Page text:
North Korea fired another long-range ballistic missile on the morning of August 24, just days before the South Korea-Japan summit, according to South Korean defense officials.
The missile, which appears to be a modified version of the Hwasong-15 intercontinental ballistic missile, was launched from the Sino-ri region in North Korea's western Pyongan Province. It flew approximately 600 miles eastward before crashing into the Sea of Japan.
This latest test comes as South Korea and Japan prepare to meet for their first-ever summit on August 27. The two countries have long been at odds over Japan's colonial rule of Korea in the early 20th century, and the meeting is seen as a major step towards improving the strained relationship between the two nations.
The launch is also being seen as a sign of North Korea's continued commitment to its nuclear program. North Korean leader Kim Jong Un has recently shown a willingness to improve relations with the outside world, but has refused to give up his nuclear ambitions.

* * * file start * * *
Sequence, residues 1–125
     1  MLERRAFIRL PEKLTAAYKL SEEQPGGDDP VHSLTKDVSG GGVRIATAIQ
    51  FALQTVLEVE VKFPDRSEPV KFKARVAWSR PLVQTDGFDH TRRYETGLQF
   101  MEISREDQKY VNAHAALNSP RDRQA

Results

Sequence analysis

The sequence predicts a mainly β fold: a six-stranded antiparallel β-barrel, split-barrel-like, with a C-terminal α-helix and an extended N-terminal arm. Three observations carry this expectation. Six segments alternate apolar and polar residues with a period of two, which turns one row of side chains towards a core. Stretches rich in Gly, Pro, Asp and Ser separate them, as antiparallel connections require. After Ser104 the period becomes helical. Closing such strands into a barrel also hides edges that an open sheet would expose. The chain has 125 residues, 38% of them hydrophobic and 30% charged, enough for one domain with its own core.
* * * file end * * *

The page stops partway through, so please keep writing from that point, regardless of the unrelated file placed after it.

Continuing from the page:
South Korea and Japan have both condemned the launch and are urging North Korea to give up its nuclear program. In a statement released after the launch, South Korean President Moon Jae-in said, “We urge North Korea to immediately stop such provocative acts and return to negotiations for denuclearization”.
The U.S. is also watching the situation closely. U.S. President Donald Trump tweeted that the missile launch was “not a good situation”. He added that the U.S. was “working with Japan and South Korea” to address the issue.
The missile test is likely to be a major topic of discussion at the upcoming South Korea-Japan summit. It could also have a major impact on the stalled negotiations between the U.S. and North Korea.